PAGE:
A Roomy Desk Or Car Seat Makes Us Feel Powerful—And Makes Us Act Less Ethically
A new study from researchers at leading business schools reveals that expansive physical settings (like having a big desk to stretch out while doing work or a large driver’s seat in an automobile) can cause individuals to feel more powerful. In turn, these feelings of power can elicit more dishonest behavior, such as stealing, cheating, and traffic violations. From the website of the Association for Psychological Science:
“’In everyday working and living environments, our body postures are incidentally expanded and contracted by our surroundings—by the seats in our cars, the furniture in and around workspaces, even the hallways in our offices—and these environments directly influence the propensity of dishonest behavior in our everyday lives,’ said Andy Yap, a key author of the research who spearheaded its development during his time at Columbia Business School.
The study states that while individuals may pay very little attention to ordinary and seemingly innocuous shifts in bodily posture, these subtle postural shifts can have tremendous impact on our thoughts, feelings and behavior. Building on previous research that expansive postures can lead to a state of power, and power can lead to dishonest behavior, the study found that expanded, nonverbal postures forced upon individuals by their environments could influence decisions and behaviors in ways that render people less honest.
‘This is a real concern. Our research shows that office managers should pay attention to the ergonomics of their workspaces. The results suggest that these physical spaces have tangible and real-world impact on our behaviors,’ said Andy Yap. The research, titled ‘The Ergonomics of Dishonesty,’ will be published in a forthcoming issue of the journal Psychological Science.” (Read more here.)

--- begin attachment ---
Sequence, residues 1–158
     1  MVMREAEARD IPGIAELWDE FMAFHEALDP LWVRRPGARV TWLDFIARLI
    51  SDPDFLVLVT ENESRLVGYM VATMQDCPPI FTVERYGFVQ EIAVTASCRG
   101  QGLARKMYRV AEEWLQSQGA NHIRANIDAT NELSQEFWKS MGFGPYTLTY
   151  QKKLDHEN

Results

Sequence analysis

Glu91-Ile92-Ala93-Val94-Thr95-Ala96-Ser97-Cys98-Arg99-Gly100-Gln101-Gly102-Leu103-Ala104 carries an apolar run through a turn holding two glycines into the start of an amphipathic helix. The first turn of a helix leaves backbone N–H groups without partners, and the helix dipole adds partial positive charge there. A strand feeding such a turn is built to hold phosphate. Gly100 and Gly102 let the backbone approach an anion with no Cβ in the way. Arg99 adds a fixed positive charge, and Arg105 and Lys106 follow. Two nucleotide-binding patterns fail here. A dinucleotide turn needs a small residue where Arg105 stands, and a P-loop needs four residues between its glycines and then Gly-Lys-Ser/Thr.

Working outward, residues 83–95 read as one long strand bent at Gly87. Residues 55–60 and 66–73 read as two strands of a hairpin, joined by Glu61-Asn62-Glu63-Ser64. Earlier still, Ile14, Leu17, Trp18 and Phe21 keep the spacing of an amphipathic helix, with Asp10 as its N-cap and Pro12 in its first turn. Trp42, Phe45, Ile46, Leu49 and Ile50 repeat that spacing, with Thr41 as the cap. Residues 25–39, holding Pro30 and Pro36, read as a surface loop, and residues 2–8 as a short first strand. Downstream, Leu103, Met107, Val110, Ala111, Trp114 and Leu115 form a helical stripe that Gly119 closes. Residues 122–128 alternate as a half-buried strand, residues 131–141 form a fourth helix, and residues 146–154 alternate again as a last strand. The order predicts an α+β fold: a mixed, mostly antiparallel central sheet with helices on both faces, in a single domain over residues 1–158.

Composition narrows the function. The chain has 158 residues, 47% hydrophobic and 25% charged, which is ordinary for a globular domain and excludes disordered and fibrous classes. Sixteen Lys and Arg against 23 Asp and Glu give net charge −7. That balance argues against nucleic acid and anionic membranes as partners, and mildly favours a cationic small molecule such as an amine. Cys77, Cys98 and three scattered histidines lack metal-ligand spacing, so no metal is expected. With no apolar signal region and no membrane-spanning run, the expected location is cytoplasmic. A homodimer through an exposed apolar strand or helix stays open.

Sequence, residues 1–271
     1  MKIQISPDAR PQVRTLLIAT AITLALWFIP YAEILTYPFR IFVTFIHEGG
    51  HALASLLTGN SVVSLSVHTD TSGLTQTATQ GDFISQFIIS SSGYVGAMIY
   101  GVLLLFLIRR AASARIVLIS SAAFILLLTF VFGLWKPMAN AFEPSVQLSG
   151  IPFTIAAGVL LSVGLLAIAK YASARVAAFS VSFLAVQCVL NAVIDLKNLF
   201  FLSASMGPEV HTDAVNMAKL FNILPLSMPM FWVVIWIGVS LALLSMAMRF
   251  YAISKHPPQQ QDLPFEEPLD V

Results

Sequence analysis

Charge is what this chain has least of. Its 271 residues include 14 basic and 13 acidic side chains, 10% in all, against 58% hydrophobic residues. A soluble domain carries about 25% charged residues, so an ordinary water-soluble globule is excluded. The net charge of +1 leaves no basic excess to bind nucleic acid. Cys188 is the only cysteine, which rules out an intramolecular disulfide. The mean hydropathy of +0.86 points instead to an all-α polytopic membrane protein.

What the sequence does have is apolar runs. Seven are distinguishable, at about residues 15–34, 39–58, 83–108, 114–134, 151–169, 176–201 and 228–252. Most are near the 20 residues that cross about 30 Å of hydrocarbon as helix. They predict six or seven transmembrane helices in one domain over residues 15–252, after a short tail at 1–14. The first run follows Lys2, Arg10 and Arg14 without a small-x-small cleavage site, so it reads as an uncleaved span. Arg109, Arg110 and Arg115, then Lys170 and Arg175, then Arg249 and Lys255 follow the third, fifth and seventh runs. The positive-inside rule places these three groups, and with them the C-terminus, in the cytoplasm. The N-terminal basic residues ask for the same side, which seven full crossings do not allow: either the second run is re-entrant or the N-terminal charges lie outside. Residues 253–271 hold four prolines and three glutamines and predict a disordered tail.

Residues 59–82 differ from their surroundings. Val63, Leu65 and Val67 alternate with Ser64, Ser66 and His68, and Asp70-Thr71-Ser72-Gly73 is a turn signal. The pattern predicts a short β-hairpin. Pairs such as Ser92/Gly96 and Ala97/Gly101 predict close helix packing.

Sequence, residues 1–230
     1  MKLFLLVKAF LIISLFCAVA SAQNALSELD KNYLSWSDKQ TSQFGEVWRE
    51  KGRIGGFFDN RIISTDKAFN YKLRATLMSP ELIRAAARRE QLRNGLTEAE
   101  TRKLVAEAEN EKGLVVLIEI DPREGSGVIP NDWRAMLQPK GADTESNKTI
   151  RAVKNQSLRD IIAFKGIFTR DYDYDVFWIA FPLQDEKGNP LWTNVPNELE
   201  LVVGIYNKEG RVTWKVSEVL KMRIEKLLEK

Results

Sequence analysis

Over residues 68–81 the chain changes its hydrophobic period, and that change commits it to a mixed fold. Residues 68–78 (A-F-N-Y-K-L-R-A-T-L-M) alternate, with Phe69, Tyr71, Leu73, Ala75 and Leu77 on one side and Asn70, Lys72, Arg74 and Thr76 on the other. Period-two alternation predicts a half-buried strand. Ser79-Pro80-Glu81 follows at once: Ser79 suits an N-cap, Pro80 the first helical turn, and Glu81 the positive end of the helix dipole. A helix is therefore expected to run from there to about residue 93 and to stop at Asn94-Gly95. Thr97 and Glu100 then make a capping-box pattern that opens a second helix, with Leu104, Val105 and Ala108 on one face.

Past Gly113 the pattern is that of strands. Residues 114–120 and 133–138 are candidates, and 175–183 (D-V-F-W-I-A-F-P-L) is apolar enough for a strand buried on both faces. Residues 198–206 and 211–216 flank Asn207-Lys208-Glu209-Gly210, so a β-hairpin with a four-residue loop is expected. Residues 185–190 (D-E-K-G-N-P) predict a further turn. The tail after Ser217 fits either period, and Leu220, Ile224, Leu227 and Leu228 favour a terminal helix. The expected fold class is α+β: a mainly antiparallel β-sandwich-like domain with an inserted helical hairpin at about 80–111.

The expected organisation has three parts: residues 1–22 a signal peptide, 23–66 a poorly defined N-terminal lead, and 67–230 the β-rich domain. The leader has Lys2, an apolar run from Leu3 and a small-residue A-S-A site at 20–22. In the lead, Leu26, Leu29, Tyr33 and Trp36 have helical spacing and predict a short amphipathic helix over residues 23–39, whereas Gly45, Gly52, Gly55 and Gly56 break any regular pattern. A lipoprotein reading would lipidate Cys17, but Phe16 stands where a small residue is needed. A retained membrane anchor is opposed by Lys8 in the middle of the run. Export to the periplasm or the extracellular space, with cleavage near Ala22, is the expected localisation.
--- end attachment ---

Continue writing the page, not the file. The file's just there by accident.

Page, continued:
When I posted a couple of weeks ago about research showing that sleep-deprived people were more likely to act unethically, a reader named Anne Hetherington protested: “This research suggests that humans do not have fundamental ethical or belief systems. I do not believe that a lack of sleep can overturn deeply embedded beliefs.” Some readers might have similar doubts about the research described above. Could something as trivial as the roominess of our desk or car seat really “overturn deeply embedded beliefs”?
The answer is no—but that’s not what the authors of these two studies claim. Rather, they would point out that while all of us hold beliefs about what’s right and what’s wrong, we don’t always live up to our moral ideals. Sometimes we slip. And we’re more likely to slip given certain conditions in our bodies (a lack of sleep, which may reduce the mental resources with which we resist temptation) or in the world at large (a roominess in our personal environment, which may suggest to us that we’re powerful and can cut corners without consequence).
Our underlying beliefs haven’t been affected, but our ability to live up to them, in this moment, has. Haven’t we all experienced such slippage at time, doing things that we knew were wrong? This research shows that the reasons we let our ethics slide may be related to situational conditions, an insight that in turn offers us new avenues to promote ethical behavior.
Readers, what do you make of all this? Are you persuaded by the situational argument, or are you of a mind with Anne?